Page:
Boots on ground: American civilians joining Ebola fight

By Leo Hohmann

The house in Liberia where Thomas Eric Duncan lived, photo: Front Page Africa
The house in Liberia where Thomas Eric Duncan lived, photo: Front Page Africa

Fluor Corp., a global construction company based in Irving, Texas, has been awarded a contract by the Pentagon to build temporary housing for U.S. troops working to combat Ebola in Liberia, WND has learned.

The company has posted on its website nearly 100 openings for all types of construction jobs in Liberia, ranging from carpenters and plumbers to HVAC journeymen, engineers, people to operate and maintain power generators, quality-control inspectors, electricians, water-supply supervisors, security personnel and various supervisors. The first openings were posted on Sept. 26, and more were added on Sept. 30, Oct. 2 and Oct. 4.

Eric Krantz, a spokesman for the company, confirmed a contract has been awarded to Fluor for work in Liberia, but the number of people who will be sent to the West African country and the length of their stay has not yet been determined.

“We don’t have but a handful of people there right now,” Krantz said.

“Fluor has been tasked by the U.S. Army to provide basic construction services to support the U.S. military’s humanitarian activities in West Africa,” he said. Besides Liberia, a small contingent will also be needed at a staging area in Senegal.

Krantz said full details of the mission have not yet been received from the military “but we wanted to get resumes in hand so we will be ready when called upon.”

Fluor’s assignment will be limited to building and maintaining temporary military housing in Monrovia, Liberia, Krantz said.

“We have rigid protocols in place to protect the health and safety of our work force,” he said, adding that: “We have only been directed to send a small initial team.”

Among those infected with the current strain of Ebola, the death rate is about 70 percent, according to the Centers for Disease Control and Prevention.

Krantz said the assignment could include logistical support services, facility maintenance, or other support. “But the only thing we’ve been told to do is these tent cities, temporary housing for troops or any other U.S. support personnel.”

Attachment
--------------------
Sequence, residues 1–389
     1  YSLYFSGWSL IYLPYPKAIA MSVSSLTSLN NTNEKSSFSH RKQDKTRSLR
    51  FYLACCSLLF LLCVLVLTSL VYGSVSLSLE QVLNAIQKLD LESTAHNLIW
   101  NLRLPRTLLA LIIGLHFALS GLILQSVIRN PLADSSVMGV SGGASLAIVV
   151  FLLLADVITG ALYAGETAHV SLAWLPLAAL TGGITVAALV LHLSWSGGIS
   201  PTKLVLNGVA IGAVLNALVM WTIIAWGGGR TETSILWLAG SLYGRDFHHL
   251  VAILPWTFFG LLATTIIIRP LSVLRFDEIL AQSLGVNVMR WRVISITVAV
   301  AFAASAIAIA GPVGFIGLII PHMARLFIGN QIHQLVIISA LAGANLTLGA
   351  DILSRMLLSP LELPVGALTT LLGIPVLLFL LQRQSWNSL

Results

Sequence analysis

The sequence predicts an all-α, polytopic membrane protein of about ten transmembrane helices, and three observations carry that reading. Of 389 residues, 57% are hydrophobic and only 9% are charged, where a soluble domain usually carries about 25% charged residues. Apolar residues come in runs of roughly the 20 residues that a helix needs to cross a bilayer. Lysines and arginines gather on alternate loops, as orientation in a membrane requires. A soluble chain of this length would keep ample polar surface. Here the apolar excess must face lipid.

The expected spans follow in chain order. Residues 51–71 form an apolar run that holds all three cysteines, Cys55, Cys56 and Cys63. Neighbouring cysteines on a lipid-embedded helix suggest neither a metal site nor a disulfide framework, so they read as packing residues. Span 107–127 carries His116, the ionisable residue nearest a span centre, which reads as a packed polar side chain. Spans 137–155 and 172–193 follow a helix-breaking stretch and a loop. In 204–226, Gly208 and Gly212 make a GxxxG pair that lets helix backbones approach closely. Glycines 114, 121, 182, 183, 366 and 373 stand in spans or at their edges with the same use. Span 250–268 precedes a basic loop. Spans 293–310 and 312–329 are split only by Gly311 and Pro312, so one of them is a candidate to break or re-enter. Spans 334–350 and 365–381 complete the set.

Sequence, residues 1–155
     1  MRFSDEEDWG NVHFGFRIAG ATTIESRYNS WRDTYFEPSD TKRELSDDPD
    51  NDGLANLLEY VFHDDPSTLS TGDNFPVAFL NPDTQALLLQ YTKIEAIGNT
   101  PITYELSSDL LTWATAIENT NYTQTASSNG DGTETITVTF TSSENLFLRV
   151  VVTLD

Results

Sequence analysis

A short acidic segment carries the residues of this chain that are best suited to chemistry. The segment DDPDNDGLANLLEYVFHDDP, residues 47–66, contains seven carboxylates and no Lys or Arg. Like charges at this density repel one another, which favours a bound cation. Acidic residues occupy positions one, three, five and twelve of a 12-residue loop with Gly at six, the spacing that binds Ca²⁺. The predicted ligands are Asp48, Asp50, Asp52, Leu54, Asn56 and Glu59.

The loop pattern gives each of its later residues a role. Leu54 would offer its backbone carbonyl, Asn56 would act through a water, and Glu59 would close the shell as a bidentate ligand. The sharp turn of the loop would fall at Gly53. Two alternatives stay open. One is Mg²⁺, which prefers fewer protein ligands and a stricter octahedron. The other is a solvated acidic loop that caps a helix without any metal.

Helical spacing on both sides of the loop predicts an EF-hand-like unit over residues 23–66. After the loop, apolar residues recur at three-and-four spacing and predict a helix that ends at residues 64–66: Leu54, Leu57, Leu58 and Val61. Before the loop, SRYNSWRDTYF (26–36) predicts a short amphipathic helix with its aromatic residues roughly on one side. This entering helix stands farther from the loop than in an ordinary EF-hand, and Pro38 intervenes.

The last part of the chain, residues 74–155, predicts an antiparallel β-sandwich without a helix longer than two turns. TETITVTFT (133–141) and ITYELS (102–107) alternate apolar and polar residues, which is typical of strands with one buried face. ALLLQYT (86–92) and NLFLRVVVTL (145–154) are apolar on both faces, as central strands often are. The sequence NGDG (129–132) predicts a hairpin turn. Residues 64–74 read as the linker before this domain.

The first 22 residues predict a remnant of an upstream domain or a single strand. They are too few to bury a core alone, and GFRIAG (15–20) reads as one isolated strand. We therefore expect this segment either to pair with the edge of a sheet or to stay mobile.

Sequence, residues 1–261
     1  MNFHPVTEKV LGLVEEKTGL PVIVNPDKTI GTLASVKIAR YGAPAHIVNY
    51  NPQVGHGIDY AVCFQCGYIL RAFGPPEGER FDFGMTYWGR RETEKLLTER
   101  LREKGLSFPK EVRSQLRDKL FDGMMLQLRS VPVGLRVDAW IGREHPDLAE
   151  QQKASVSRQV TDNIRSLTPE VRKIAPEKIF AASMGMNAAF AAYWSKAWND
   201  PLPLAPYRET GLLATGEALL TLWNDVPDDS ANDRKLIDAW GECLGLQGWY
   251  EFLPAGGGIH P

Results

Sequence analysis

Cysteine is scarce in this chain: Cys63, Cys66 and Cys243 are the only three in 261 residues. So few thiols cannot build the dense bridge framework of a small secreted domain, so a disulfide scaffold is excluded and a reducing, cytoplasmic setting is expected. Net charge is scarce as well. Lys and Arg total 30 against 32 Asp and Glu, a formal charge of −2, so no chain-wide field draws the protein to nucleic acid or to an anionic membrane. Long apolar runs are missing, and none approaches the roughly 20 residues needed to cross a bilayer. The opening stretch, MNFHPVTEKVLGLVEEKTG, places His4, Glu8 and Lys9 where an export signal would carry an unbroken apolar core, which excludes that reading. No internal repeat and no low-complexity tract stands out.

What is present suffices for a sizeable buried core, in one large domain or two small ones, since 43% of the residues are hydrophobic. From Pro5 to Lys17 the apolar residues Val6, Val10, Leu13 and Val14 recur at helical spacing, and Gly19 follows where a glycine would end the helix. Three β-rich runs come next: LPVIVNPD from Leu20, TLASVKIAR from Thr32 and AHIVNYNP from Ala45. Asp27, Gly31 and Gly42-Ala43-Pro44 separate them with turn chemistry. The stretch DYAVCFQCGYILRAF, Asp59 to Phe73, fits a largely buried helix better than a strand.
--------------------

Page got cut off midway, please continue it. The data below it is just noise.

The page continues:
He could not say how long the assignment would last.

“We don’t have that information yet,” he said. “We just have the request for the scalable housing units. It’s temporary housing structures. Right now we just have that small team on the ground, a very small number since it’s still in the early stages.”

Fluor is a global construction and engineering firm that receives billions in government contracts.

Krantz said the Liberia work comes under a larger umbrella contract the company has with the U.S. Army called the logistics civil augmentation contract.

“We bid on that and this is part of a task-force project (under the logistics operation umbrella),” he said.

The competitively-bid logistics contract was awarded by the Army in 2007 to Fluor and two other contractors, Krantz said. The 10-year contract involves supporting U.S. military operations via task orders issued by the Army.

President Obama  announced on Sept. 16 a major expansion of the U.S. role in trying to halt the spread of Ebola, including the deployment of 3,000 troops to Liberia. The estimated number of troops needed was later expanded to nearly 4,000.

“The reality is that this epidemic is going to get worse before it gets better,” Obama said while at the CDC headquarters in Atlanta.

Since that time, the U.S. has had its first case of Ebola show up on U.S. soil when a Liberian national, Thomas Eric Duncan, traveled to Dallas, Texas, to stay with family. He was at first misdiagnosed by a local hospital emergency-room nurse and sent home, only to return two days later with more severe symptoms. He remains in critical condition.

More than 3,300 have died in several West African countries in the worst outbreak of Ebola since the virus was discovered in 1974.

U.S. officials said the focus of the military deployment would be Liberia, a nation founded by freed American slaves and the hardest hit of the four countries affected by the Ebola outbreak.

According to previous reports, Obama’s plan calls for sending American troops, including engineers and medical personnel; establishing a regional command and control center in Liberia’s capital, Monrovia, and forming a staging area in Senegal to help distribute personnel and aid on the ground.

It also calls for building 17 treatment centers with 100 beds each; placing U.S. Public Health Service personnel in new field hospitals in Liberia; training thousands of healthcare workers for six months or longer; and creating an “air bridge” to get health workers and medical supplies into West Africa more quickly.

The plan has been roundly criticized by former U.S. military generals, as reported by WND.

Fluor has more than 40,000 employees “all over the globe” working on various projects, a spokesman said. Fluor reported $27.4 billion in sales revenue for 2013. It ranks as number 110 on the Fortune 500 list.

Additional reporting by Jerome Corsi.

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